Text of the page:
There are a number of design trends that have emerged or grown in popularity, which we can expect to see even more of in 2014.
DIY technology and BIM
3D Printing continues to excite designers with fast prototyping, testing and the promise to change the way we make things. Expect to see an increasing number of workshops and claims that printing will revolutionise the way we manufacture and test. No doubt machinery and material will eventually reduce in cost and make this new technology within reach of commercial designers. Building Information Modelling (BIM) will continue to evolve as the preferred documentation output.
Colour Pulse 2014: From Theory to Selection identified that blue will be the most prevalent colour for designers in 2014. Blue is the colour of trust, which in times of economic unrest makes it an especially attractive hue. White roofs on buildings will proliferate as urban heat island effects are understood, and insulation benefits and natural light reflection is strategically implemented.
Liveability and local manufacturing
Liveability will be a buzzword in the residential sector with the recent release of the Liveability Index. In commercial design, this may manifest itself as increased adaptability and durable finishes for recycling and greater design for deconstruction solutions. Local manufacturing and prefabrication are set to revolutionise construction practices, with quality and affordability taking increasing importance in delivering design solutions.
The language of sustainability may be replaced by more specific approaches including Positive Development, regenerative design, biomimicry and biophilic design. Recycling and repurposing will increase in popularity as innovative solutions for material resourcefulness continue to occur. The trend toward operational rating tools such as Green Star performance and NABERS will continue in line with global pressures and major corporates.
Dynamic workplaces will continue to develop with Activity-Based Working and workplace hubs increasing in popularity. Flexibility, mobility and technological improvements are likely to continue with designers innovating in space efficiency and environmental issues. The psychology of working and management engagement in occupant process is likely to continue to drive commercial space planning.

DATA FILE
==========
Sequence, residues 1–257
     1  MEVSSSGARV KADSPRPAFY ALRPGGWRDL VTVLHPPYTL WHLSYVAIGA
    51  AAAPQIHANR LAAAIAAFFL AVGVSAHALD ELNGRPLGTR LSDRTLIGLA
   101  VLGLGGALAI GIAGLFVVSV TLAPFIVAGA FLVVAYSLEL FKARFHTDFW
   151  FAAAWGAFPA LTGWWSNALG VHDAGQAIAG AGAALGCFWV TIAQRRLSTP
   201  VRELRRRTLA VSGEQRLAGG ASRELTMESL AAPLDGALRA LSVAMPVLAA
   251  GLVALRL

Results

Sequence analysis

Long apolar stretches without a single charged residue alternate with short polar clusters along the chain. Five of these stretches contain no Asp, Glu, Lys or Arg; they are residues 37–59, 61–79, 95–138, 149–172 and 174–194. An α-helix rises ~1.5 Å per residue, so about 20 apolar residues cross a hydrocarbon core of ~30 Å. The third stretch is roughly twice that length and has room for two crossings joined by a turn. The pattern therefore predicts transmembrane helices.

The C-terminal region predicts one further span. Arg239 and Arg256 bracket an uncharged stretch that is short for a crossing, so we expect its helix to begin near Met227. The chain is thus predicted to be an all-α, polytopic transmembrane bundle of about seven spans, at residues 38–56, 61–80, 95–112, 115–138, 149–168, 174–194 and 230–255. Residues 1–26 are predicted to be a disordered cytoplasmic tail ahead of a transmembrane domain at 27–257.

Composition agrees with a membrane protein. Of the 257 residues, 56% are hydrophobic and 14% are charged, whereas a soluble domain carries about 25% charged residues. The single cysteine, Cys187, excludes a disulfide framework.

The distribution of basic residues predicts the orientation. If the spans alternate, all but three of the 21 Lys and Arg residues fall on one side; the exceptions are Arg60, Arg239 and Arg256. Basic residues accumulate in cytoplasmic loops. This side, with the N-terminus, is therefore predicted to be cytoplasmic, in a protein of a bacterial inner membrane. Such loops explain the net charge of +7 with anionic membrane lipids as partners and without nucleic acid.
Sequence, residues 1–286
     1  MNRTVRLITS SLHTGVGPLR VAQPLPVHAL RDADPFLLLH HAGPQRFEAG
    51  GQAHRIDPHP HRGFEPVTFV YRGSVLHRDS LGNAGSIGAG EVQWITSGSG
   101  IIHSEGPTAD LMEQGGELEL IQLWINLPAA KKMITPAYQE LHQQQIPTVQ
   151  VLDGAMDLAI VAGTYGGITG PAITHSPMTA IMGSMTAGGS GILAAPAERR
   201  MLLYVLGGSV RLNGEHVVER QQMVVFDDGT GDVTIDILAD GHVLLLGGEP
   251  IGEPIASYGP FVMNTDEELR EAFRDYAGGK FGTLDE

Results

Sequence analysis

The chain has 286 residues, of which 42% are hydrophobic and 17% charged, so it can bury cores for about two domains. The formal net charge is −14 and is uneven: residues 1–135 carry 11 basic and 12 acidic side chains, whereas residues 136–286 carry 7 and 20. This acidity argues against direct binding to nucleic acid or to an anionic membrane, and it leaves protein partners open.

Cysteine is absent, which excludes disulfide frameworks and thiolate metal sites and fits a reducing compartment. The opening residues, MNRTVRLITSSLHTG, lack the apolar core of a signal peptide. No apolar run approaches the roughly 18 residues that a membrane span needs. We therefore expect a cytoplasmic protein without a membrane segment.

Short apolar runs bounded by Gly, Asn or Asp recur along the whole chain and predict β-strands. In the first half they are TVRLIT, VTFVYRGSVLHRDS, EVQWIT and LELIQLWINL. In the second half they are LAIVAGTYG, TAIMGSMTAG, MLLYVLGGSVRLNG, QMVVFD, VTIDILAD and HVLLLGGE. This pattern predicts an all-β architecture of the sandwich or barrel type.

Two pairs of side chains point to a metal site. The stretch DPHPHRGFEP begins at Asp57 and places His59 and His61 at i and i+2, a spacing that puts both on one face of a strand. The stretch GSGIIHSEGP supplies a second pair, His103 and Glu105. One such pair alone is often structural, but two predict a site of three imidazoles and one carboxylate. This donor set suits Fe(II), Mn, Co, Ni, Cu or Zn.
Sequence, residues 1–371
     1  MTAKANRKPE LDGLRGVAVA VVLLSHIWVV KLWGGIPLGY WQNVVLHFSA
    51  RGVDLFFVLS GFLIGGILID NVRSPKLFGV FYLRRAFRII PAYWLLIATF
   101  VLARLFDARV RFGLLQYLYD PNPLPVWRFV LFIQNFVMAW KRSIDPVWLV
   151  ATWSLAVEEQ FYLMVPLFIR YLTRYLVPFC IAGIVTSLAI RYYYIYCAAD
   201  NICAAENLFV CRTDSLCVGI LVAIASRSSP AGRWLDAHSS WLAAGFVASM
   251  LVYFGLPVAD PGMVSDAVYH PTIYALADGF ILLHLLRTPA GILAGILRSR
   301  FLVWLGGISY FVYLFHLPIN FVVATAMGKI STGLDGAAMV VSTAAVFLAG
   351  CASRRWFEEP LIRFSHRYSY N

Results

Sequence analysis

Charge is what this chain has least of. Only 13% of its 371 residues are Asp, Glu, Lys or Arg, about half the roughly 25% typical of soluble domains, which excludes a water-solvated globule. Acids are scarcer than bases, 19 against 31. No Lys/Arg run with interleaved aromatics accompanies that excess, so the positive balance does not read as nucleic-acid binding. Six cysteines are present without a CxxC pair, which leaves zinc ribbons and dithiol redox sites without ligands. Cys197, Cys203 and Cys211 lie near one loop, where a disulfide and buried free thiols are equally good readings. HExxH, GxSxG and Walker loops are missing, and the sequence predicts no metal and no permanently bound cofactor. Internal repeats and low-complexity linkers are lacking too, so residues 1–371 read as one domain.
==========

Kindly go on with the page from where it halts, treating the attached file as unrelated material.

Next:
Resolutions and Improvements
There is a need for industry improvement in several areas related to commercial design and construction. While many traditional design practices have systems in place to address these challenges, there are still a number of issues that can result from carelessness or speed of project pressures. These issues include:
- Sight lines and privacy: Workspaces positioned adjacent to common facilities require sight line and acoustic consideration to ensure all aspects of a design work for all occupants. Complaints of workers seated adjacent to meeting rooms, toilets, lunch rooms and reception areas can cause productivity losses due to excessive distraction or inconvenience of regular disruption.
- Ventilation: Allowing adequate ventilation for lighting, hot water units, computer equipment and audio equipment seems a common oversight, often resulting in expensive and unsightly solutions to rectify. Natural ventilation and improved indoor air quality are linked to increased worker performance and productivity.
- Understanding sun paths: Direct sunlight to a commercial space can mean the difference between a happy and an unhappy workforce. Designers ideally always understand the sun path, and impact of glare and light penetration in internal spaces.
- Door issues: The growing popularity of sliding doors and bespoke handles has created practical faults in handle use, door strength, weight faults, knuckle clearances adjacent jambs and room acoustic performance.
- Understand rating tool compliance: Popular commercial rating tools such as Green Star and NABERS require detailed knowledge to fully leverage. Issues such as certified timbers, PVC best practices, and material toxicity have achievable solutions if you understand program, cost and product delivery process details. Designers often specify products that are non compliant or have non-standard delivery timeframes, often resulting in practical issues and/or reselection for project managers and builders.
Awareness, and a mindset of continuous improvement, can ensure design solutions are value for money and fully appreciated by all occupants and stakeholders. Designers can look toward reduced stress levels in 2014 if the above issues are considered on all of their projects. 2014 has the potential to be a great year with many opportunities for leading edge design solutions for the workspaces of the future.
(original article written by Mark Thomson – sourced from Sourceable.net)